Duncan Lewis


Asylum, Detention/ Fast Track

Managed Migration, Public Law

Who may be given asylum in the UK?

Date: (17 February 2012)    |    

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Duncan Lewis:There are many reasons why someone may wish to claim asylum in the UK, and all applications are carefully considered on their individual merits, with a dedicated caseworker assigned to each applicant to help them through the process and explain what is going on at each stage.

The definition of a refugee has been laid out in the 1951 Convention on the Status of Refugees, and essentially, if anyone wants to claim asylum in the UK, he or she needs to be able to satisfy the criteria. They have to have what is considered a well-founded fear that in their own country they will be liable to persecution on the grounds of religion, political opinion, nationality, race or membership of a social group. Asylum seekers must be able to convince the Home Office that their account is correct and that they are in reasonable risk of serious harm happening to them if they return to their own country, rather than just the possibility of being harassed and intimidated in a minor way. If the Home Office is not convinced of this, the application will fail and the applicant returned home. However, there is the right to appeal against the decision before an adjudicator, and this appeal can be made if the caseworker believes it has a reasonable chance of success.

The burden of proof is entirely on the applicant to convince the immigration authorities that there is a real likelihood of serious harm coming to them should they return home, although the level of proof required is fairly low, merely being able to show convincingly that the risk is there.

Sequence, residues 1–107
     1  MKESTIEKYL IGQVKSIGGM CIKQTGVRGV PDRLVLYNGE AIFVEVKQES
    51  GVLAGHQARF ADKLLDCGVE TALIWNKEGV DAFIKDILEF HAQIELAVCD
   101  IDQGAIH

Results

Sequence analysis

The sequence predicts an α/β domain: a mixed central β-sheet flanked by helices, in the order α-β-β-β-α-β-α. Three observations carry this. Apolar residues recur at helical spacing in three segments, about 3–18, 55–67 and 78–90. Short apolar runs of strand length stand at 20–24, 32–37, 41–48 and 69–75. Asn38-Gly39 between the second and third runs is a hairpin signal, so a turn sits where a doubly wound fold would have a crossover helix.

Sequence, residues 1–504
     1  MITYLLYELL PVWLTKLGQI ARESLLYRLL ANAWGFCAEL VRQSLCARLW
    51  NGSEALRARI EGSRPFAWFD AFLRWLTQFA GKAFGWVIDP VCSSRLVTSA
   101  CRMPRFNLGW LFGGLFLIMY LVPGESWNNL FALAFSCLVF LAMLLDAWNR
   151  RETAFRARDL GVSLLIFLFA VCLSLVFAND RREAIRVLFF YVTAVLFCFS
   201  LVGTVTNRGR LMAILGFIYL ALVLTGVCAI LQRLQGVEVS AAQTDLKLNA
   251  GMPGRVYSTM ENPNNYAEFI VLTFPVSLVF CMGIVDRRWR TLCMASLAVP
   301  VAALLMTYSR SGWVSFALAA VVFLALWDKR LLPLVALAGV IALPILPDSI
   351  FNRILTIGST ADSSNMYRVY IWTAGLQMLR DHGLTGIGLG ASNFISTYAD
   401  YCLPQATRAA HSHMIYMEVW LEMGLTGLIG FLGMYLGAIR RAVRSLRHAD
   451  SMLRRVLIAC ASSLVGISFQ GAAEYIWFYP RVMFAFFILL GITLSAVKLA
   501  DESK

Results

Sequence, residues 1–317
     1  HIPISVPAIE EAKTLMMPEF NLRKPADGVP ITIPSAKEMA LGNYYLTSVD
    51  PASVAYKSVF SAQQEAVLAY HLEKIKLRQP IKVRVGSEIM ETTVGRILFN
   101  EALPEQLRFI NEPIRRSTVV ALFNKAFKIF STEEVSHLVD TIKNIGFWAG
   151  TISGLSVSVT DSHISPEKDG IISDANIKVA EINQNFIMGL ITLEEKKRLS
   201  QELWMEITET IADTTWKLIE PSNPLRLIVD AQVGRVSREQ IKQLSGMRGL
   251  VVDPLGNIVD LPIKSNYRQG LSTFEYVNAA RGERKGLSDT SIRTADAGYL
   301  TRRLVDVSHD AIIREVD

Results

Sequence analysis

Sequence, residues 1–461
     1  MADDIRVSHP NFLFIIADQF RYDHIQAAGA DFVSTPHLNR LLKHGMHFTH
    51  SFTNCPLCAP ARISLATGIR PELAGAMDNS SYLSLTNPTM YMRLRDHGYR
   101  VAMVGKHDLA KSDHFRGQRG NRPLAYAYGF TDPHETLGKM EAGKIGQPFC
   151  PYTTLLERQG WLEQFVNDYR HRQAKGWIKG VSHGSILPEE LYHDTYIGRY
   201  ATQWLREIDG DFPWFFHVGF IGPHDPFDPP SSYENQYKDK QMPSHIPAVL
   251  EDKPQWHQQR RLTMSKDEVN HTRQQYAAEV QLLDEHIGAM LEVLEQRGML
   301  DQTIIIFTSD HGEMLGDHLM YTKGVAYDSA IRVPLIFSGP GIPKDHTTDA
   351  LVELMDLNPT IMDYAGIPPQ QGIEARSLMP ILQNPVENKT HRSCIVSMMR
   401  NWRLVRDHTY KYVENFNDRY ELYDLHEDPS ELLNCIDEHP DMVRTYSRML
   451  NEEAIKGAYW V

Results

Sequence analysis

A claim can also be made under the European Convention of Human Rights, which deals with issues of torture and degrading treatment in general as well as issues of privacy and family life. The rights of the applicant will be assessed by the ECHR along with their claim for asylum. These two have a significant overlap, and it is usually the case that a failed application under ECHR will entail a similar failure under the 1951 Convention.

Asylum seekers who are successful with their application are under normal circumstances granted leave to remain in the UK for five years. When the five years have expired, the individual case will be reviewed and at that point, the asylum applicant may be given leave to remain indefinitely. This gives the asylum seeker the same essential benefits as a UK citizen in regards to the rights to live, study, work and claim benefits in the UK.

If asylum seekers, having been given leave to remain in the UK, return to their own country and live there for more than two years or leave the UK for more than two years, their refugee status in the UK may be rescinded. This also applies if they commit a serious criminal offence in the UK after attaining refugee status.

Duncan Lewis and other immigration solicitors will be able to supply more information on this and other matters.